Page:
Flipping Book | Africa's Giants | Salini Impregilo Library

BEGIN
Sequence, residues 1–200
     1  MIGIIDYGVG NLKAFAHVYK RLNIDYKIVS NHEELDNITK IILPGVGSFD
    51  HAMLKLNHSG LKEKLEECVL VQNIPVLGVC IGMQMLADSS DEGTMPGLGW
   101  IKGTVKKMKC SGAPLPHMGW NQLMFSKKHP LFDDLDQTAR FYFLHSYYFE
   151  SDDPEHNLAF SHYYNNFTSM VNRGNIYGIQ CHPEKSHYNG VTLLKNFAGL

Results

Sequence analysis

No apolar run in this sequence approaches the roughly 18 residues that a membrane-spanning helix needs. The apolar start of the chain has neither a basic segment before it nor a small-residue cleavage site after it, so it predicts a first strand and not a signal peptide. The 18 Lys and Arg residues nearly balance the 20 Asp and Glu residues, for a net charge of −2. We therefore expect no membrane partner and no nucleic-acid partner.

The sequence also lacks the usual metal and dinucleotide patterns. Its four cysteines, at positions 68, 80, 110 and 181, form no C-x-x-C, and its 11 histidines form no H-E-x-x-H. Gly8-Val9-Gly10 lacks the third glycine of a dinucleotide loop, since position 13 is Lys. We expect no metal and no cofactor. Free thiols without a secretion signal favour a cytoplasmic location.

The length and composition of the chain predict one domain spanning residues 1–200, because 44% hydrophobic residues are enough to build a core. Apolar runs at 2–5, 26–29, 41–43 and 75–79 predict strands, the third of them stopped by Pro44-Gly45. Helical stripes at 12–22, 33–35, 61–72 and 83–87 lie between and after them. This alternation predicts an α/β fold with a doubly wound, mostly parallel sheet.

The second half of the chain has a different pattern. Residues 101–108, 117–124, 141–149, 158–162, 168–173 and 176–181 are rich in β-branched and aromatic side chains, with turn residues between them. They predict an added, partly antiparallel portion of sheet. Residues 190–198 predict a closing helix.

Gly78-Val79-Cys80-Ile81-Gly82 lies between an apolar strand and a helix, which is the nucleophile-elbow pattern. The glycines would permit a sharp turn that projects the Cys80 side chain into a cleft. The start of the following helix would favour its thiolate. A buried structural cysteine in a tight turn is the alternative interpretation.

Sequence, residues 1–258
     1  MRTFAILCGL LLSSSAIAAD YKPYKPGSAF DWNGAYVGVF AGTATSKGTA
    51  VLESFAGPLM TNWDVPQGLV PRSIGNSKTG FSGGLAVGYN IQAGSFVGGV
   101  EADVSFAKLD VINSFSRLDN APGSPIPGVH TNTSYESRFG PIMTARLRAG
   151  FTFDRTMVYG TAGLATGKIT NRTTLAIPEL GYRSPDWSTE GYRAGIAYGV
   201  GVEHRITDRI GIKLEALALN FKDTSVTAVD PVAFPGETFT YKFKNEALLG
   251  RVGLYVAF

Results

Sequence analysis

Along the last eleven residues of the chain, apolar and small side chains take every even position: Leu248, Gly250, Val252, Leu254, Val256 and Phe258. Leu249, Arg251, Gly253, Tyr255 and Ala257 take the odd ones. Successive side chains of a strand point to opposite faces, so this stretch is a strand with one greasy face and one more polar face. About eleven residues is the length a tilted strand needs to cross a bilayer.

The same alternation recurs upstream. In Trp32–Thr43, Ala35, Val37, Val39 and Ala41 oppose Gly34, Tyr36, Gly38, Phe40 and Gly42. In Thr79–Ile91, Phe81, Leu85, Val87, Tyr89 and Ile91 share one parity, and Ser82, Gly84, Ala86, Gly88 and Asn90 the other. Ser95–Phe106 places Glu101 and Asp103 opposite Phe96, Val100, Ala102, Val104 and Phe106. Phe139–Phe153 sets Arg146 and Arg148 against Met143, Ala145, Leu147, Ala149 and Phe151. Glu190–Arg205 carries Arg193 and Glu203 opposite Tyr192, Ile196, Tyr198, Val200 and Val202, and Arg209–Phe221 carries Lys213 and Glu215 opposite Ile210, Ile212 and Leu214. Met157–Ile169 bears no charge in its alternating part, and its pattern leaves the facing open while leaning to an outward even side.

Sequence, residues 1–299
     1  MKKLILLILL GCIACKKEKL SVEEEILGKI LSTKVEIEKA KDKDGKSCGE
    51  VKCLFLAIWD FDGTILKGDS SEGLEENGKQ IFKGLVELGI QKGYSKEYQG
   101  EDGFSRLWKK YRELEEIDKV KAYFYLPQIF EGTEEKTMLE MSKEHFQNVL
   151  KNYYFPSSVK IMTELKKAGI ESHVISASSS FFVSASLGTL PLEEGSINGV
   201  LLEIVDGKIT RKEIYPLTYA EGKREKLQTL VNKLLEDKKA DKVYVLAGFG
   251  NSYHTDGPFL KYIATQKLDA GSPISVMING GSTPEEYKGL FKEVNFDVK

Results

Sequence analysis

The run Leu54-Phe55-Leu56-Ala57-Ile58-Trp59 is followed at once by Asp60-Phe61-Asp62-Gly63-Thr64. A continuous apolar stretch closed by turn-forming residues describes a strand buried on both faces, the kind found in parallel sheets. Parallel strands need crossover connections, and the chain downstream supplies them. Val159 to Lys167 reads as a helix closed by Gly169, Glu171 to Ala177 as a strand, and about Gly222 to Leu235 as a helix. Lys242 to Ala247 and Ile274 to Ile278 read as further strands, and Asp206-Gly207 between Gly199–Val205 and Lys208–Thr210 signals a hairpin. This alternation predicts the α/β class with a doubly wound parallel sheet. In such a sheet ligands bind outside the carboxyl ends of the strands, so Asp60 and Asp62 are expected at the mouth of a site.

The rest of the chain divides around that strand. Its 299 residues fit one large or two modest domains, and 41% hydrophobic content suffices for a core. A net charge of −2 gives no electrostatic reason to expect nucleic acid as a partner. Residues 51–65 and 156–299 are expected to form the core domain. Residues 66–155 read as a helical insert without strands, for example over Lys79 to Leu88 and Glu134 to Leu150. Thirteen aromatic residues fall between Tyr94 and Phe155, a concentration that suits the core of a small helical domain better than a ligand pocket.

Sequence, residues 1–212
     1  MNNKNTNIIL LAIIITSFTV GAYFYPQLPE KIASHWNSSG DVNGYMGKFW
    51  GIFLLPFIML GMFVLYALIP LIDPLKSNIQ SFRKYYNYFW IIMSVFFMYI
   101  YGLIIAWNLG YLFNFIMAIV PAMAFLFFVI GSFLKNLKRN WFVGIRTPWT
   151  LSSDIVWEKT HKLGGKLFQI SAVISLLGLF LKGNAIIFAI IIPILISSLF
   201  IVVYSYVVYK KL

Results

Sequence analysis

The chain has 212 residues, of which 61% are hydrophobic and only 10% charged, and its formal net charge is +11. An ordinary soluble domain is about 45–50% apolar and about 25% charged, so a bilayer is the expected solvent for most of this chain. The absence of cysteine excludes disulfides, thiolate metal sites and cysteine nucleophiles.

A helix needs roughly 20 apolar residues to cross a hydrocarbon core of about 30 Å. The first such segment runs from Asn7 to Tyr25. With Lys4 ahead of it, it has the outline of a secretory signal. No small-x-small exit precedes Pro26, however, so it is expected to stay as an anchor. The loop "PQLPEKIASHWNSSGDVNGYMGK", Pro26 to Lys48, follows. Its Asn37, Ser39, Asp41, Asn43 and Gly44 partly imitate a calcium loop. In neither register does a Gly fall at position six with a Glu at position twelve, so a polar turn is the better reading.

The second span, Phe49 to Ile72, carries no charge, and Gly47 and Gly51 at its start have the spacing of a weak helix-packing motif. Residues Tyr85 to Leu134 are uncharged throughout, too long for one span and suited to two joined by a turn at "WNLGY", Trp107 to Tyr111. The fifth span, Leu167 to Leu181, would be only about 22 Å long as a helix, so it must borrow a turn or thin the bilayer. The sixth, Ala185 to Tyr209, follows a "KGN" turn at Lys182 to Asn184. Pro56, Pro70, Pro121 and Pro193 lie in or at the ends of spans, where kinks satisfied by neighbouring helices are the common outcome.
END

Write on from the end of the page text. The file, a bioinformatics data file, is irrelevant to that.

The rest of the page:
model able to ensure the primary water needs, first and foremost. This would also permit an improvement in the quality of hygiene and sanitation conditions, aiming for a drastic reduction in the so-called yellow cans used by Africans to transport water from the wells to their homes, often over very long distances. The end result will hopefully be eradication of not only the most serious epidemics but also the apparently minor ones with limited damage to health, but just as dangerous due to their endemic nature. These include debilitating diseases like dysentery, in particular, which is responsible for the demise of many children. The solution is to create adequate infrastructures to extract and transport water, becoming the driving force to improve living conditions and economic development. Transportation of water without waste, the battle against pollution of the waterways, production of low- cost renewable energy, and modern irrigation systems that reduce the waste of blue gold. Models that can be followed already exist: they simply need to be imitated. Rivers, natural and artificial lakes, and underground reservoirs make it possible to resolve the water problem. But we need to be able to move from theory to action, optimising our use of water resources. However, Africa does not belong only to Africans. The greatest presence and one that must be dealt with is that of China, which has now raised flags on a large part of the continent. Growth needed by Beijing in order to compensate its insufficient internal production of food, increasingly less able to satisfy demand, thanks to cultivation on African land. Of course, this Chinese activism has led to harsh criticism, including the accusation of new colonisation, which the government has always rejected, approving massive land purchases but requiring concrete efforts to strengthen the rational use capabilities for the collective good of natural resources, starting with water. Nevertheless, water continues to be a fundamental aspect of the conflict, because the purchase of land implies the possibility of regular irrigation. In fact, access to water has been one of the key variables in the search for land to purchase, with some talk of grabbing the water resource rather than the land. In any case, blue gold, like all precious raw materials, is a resource with limited availability, particularly in Africa, where drought and non-rational use of the existing water resources are issues still to be resolved. The existing scenario shows that the less water is available, the higher the risk of tension and even war, as outlined in a report by American intelligence, commissioned by the Secretary of State at the time, Hillary Clinton. According to the National Intelligence Estimate, the alarm regards potential areas of crisis in North Africa and in the Middle East in particular. The report highlights tension among countries for use of blue gold, predicting disputes between Egypt and Ethiopia, as well as between Israel and Jordan. Without mentioning the risk of water being used by Islamic terrorists for blackmail or as a military objective. In fact, those controlling the water resources also control the surrounding cities and countryside. The hope is that blue gold be used to finance peace and not to subsidise wars. For this, we need more wells, more dams and more waterworks. Provided, of course, that they respect the environment. •